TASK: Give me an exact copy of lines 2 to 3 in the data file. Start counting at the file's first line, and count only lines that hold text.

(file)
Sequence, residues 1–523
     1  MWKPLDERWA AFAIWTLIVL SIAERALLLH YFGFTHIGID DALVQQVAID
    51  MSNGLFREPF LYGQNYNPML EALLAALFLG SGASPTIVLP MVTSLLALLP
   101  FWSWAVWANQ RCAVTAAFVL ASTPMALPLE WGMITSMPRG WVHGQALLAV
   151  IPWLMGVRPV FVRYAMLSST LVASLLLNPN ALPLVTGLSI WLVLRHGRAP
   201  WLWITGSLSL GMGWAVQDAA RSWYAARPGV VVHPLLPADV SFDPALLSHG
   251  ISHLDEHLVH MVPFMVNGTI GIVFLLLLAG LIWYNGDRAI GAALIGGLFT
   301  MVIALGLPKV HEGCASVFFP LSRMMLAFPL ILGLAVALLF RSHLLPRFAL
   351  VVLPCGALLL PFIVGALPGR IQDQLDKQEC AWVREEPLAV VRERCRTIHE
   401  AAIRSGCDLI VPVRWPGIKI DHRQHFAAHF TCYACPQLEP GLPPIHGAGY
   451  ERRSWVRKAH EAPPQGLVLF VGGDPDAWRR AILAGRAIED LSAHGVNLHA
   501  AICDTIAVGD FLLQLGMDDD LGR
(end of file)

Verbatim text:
     1  MWKPLDERWA AFAIWTLIVL SIAERALLLH YFGFTHIGID DALVQQVAID
    51  MSNGLFREPF LYGQNYNPML EALLAALFLG SGASPTIVLP MVTSLLALLP